Quick Pickled Beets
There’s no need for a long canning process to make these Quick Pickled Beets. Just pour a simple brine over cooked beets and let them chill in the fridge. Add them to salads, serve as a side dish, or enjoy straight from the jar!
Easy Refrigerator Pickled Beets
I’m a huge fan of pickling vegetables, whether it’s red onions or carrots or a crave-worthy medley of vegetables that I dig into like a side salad. There’s just something about the tangy-sweet flavor of pickled goods that I can’t get enough of!
These Quick Pickled Beets are my latest obsession. The deep, earthy flavor of beets combined with the simple, tangy brine is absolute perfection. I can’t keep my fork out of the jar!
I grew up on pickled beets, thanks to Mom. She canned beets from our garden – our pantry was rarely without them. And while I have every respect for the full-on canning process, I just don’t have the time. I’m more of a quick pickles kinda gal. They take very little time and effort, and keep well in the fridge for many weeks.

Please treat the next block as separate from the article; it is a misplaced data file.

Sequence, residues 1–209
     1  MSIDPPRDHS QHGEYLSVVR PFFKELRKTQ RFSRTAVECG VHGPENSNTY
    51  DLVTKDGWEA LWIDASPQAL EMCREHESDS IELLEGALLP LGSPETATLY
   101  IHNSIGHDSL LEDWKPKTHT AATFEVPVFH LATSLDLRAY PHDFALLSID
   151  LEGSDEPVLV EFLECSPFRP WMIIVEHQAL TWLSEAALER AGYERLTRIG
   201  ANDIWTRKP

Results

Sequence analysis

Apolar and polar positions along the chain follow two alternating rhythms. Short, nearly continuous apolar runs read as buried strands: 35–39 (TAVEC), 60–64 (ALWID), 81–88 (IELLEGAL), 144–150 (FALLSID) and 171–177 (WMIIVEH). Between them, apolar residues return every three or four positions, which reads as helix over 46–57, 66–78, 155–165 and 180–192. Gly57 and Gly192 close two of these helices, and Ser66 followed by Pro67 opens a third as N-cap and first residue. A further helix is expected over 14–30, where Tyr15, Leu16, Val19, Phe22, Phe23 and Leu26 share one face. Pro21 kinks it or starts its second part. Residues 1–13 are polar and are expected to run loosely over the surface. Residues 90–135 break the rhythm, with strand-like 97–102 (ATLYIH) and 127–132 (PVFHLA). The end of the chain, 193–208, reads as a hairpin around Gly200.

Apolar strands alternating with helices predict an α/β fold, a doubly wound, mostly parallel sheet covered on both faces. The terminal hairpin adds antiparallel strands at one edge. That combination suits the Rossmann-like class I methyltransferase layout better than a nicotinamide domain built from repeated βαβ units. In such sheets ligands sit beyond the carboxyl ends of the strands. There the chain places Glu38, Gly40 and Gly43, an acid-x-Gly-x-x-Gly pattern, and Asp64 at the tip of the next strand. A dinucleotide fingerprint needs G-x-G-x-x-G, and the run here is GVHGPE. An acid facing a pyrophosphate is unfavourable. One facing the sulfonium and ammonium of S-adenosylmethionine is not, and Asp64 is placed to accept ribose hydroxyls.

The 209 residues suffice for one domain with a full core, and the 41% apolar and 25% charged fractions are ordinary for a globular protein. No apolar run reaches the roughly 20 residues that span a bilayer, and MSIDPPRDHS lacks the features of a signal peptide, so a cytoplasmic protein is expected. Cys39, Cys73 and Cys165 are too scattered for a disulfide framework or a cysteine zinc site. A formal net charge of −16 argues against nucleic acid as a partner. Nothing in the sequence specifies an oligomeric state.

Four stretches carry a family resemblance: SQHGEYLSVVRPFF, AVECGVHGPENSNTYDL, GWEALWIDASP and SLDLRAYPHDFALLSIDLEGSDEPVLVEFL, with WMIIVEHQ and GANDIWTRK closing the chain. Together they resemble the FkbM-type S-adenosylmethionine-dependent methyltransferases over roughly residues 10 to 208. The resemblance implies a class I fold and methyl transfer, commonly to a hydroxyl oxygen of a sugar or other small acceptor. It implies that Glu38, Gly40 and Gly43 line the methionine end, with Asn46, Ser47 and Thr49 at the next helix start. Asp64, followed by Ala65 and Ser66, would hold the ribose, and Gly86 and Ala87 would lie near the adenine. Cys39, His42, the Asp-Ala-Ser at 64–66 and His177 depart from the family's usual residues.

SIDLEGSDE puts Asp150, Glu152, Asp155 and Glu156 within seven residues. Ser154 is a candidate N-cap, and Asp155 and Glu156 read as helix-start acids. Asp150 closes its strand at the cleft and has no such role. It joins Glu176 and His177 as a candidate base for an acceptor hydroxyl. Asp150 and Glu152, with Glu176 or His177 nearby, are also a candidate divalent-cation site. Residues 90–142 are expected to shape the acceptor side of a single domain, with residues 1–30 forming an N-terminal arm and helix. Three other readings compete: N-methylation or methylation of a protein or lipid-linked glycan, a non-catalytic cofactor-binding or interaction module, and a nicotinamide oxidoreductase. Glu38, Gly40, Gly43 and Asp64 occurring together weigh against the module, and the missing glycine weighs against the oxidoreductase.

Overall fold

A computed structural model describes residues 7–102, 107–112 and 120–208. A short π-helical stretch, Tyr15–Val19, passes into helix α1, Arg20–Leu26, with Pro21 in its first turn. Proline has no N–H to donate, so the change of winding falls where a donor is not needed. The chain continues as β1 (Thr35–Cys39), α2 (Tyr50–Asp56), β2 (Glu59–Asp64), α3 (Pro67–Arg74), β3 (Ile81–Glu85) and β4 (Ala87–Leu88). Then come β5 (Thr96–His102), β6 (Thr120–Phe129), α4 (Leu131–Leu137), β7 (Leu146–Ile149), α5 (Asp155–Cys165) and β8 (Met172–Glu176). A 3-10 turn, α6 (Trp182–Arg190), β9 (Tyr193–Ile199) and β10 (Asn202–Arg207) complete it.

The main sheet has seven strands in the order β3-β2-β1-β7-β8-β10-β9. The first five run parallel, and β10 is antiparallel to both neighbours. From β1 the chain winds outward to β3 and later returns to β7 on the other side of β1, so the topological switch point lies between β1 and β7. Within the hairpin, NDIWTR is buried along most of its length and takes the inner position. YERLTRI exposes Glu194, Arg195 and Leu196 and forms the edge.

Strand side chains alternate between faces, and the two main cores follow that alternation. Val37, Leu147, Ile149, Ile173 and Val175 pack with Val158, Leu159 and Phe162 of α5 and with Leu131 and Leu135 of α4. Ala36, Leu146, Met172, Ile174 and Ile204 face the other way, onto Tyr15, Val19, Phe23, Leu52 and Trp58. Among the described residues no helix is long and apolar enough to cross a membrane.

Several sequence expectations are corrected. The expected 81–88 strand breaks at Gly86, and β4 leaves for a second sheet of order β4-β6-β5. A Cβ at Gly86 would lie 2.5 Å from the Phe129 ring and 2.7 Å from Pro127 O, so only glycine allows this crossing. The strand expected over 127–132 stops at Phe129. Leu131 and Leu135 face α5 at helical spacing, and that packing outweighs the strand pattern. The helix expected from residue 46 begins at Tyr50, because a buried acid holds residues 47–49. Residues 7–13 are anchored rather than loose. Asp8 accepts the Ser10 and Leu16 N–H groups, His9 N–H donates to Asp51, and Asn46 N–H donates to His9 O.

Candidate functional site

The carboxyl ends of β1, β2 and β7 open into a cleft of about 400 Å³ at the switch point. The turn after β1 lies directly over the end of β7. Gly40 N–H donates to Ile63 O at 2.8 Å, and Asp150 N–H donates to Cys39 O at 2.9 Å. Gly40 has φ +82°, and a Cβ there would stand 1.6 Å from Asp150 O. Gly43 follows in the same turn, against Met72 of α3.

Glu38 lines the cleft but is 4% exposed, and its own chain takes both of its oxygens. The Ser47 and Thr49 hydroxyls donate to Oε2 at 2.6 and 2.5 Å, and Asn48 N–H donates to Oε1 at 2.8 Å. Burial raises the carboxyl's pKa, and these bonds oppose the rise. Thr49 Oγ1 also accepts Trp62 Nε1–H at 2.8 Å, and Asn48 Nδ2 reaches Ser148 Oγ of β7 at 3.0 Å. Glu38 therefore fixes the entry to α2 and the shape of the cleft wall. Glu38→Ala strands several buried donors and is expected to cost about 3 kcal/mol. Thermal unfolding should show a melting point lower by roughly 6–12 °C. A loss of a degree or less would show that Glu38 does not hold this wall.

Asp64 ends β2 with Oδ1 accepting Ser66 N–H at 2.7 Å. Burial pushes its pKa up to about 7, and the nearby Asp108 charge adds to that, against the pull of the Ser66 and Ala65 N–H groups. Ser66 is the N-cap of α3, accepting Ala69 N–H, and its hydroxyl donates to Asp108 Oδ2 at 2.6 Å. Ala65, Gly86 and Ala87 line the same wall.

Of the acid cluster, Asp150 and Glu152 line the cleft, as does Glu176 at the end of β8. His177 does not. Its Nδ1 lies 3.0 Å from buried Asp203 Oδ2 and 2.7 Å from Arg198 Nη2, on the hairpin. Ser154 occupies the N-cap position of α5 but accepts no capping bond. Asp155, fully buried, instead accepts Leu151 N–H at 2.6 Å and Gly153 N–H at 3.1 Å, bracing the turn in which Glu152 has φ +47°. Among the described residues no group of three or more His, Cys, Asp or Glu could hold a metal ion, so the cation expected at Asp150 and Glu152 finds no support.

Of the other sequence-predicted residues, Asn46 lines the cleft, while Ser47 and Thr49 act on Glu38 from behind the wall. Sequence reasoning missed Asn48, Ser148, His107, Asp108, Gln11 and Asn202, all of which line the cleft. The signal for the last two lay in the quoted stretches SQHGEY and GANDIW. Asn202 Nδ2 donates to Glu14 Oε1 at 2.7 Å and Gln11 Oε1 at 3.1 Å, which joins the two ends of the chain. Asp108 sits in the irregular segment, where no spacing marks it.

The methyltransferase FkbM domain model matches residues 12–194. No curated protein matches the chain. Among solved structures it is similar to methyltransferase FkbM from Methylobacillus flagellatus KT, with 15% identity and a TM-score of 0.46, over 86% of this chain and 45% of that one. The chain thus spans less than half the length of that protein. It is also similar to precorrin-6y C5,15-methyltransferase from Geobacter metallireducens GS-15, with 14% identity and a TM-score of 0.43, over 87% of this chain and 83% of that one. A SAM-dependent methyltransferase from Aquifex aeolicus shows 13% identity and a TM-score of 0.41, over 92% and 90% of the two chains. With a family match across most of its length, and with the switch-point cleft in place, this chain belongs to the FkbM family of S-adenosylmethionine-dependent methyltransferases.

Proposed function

For this recipe, once the beets are cooked, you only need about 15 minutes of time to make a batch – and they’ll keep for up to 6 weeks in the fridge!
When I’m not eating these gorgeous bites of pickled beets straight from the jar, you’ll also find me eating them with my morning eggs or in a fresh green salad. They also make a great side dish!
What You’ll Need
Besides the beets, you need just a few ingredients to make the brine for these pickled beets.
- Beets – I always use red beets, but golden beets would work as well. To cook them, you can boil or roast them. See below for directions on how to prepare them.
- Water – Water provides an easy base for the brine, along with vinegar, and a place for the sugar and salt to dissolve.